USPS’s Promised Business Plan: More than 100 Days Late and Counting
October 18, 2019
In a hearing on April 30, the American people were promised a 10-year business plan by Postmaster General Megan Brennan to outline steps toward financial stability for the United States Postal Service (USPS). Brennan said the plan was in final review by the board and would be submitted to the committee in 60 days, establishing a July 1st deadline. Summer has come and gone, and Postmaster General Brennan is stepping down from her perch. But hundreds of millions of taxpayers and USPS consumers are still waiting to see this long-anticipated plan. New USPS leadership must reassure the millions of Americans in limbo that they will soon see a plan that will hopefully allow the Postal Service to rise from the fiscal ashes.
It’s now been 108 days and counting since the USPS’s promised delivery date of their new business plan. And since Brennan promised a plan back in April, matters have taken a turn for the worse. The agency posted a devastating third quarter loss of $2.3 billion in August, bringing USPS losses to roughly $70 billion since 2007. These mounting losses should make the agency all the more eager to publish their business plan and provide the American people with a glimmer of financial hope.
Based on a preliminary draft of the plan presented to lawmakers and “stakeholders” in July, taxpayers and consumers already have a vague idea of the direction the agency wants to take. For example, employees would be required to increase contributions to their retirement plans, a welcome move considering the mammoth pension liabilities plaguing the USPS. But far more than labor cost reforms are required in a multifaceted approach to get the agency back into the black.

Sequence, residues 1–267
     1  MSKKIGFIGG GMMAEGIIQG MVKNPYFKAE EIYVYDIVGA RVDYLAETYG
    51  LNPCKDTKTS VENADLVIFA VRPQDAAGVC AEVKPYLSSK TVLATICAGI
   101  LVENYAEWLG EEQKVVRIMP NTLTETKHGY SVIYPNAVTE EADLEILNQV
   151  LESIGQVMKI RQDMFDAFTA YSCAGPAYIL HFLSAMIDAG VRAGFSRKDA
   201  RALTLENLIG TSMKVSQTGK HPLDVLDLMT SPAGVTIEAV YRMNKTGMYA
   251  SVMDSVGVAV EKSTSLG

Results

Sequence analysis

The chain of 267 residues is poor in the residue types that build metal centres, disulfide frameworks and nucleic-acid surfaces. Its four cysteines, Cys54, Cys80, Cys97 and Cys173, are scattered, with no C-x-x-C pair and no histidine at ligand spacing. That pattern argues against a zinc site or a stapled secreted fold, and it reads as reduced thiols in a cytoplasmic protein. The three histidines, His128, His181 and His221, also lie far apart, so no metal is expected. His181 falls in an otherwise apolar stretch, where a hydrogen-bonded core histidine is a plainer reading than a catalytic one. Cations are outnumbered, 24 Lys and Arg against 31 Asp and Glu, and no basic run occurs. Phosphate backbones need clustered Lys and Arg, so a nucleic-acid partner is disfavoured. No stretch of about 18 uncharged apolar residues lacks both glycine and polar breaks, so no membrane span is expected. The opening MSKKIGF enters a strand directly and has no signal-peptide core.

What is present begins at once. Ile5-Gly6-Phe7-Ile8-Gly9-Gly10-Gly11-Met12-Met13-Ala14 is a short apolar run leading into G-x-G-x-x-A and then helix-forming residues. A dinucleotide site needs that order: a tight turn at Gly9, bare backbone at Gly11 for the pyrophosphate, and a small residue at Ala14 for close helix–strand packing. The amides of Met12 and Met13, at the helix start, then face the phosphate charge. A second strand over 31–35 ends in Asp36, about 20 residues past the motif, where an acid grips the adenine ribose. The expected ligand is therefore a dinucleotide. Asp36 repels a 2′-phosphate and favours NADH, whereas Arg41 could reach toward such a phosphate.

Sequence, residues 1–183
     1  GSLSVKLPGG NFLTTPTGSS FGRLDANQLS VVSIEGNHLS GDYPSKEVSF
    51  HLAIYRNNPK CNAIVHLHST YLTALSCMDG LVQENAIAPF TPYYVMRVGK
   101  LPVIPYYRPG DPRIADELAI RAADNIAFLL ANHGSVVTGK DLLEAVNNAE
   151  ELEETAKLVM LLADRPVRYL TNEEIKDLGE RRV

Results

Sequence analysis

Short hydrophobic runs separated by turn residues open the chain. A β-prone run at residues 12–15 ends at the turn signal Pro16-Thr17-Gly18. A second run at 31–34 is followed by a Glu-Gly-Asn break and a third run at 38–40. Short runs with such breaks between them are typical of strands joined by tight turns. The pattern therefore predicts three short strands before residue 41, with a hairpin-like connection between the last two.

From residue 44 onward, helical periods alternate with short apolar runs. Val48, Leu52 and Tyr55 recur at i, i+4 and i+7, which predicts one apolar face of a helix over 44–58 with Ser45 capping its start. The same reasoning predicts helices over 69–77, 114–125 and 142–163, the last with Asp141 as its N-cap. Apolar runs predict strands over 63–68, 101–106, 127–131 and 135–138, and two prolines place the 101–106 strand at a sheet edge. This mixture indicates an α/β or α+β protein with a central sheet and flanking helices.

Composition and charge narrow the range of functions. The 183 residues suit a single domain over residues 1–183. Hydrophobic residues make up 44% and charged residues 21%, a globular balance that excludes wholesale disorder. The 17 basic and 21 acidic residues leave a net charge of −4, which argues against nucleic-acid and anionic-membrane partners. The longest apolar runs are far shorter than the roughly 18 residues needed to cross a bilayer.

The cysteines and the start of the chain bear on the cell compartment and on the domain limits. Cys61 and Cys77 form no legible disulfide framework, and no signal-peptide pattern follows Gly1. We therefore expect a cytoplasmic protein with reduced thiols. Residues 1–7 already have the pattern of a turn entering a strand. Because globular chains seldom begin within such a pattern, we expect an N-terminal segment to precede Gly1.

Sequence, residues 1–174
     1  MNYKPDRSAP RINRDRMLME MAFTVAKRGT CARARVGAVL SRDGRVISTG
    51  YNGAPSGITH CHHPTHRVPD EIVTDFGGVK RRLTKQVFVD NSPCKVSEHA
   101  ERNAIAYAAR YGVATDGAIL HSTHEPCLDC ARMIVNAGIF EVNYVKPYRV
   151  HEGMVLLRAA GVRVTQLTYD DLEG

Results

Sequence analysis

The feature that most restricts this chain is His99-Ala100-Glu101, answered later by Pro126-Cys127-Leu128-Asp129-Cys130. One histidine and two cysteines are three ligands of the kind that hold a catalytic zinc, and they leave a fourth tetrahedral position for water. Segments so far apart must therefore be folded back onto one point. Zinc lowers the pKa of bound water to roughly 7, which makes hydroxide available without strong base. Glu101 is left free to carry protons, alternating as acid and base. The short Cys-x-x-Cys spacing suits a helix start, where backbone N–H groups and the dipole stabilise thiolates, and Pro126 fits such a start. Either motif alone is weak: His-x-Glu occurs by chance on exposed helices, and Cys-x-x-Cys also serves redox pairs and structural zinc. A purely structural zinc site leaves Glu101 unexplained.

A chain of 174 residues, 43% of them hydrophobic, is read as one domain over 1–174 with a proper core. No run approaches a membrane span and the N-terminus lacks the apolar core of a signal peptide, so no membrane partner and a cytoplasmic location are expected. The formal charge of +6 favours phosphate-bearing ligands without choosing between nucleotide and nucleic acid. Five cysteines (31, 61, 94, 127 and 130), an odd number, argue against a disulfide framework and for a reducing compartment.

As Lexington Institute senior fellow Paul Steidler recently pointed out, the agency has failed to update their core mission amidst a changing America that increasingly prioritizes email over letter mail delivery. The agency still brings in more than $8 billion in revenue on over 17 billion pieces of “single-piece letters and cards” (i.e. that letter to your dear auntie), but these figures are declining every year. The USPS has tried to tread water by raising stamp prices every year, but a recent federal court ruling casts doubt on whether the agency can continue to bilk snail mail senders. Meanwhile, large e-commerce companies continue to use bizarre USPS pricing formulas to their advantage while jumping ship and building out their own logistical networks.
Faced with these business pressures on all sides, the agency needs to focus on the cost side of their operations. The Taxpayers Protection Alliance (TPA’s) 2019 report on USPS spelled out a number of proposed changes that could save the agency more than $3 billion per year by curbing inefficiencies and increasing oversight. For instance, the agency could consistently use their scheduling tools to assign projects to their 500,000 strong workforce and utilize procurement best practices for purchasing new vehicles. No one reform would be a silver bullet, but combined, the USPS could take a large leap toward securing their finances.
In order to maintain the services on which so many Americans rely, the USPS must address their ongoing financial crisis and take the necessary steps to remedy the agency’s flawed operating approach.
The USPS should take a play from their own book and aim for a prompt delivery of their business plan. New USPS leadership must ensure they are doing everything in their power to avoid leaving taxpayers to foot the bill for systemic agency failures.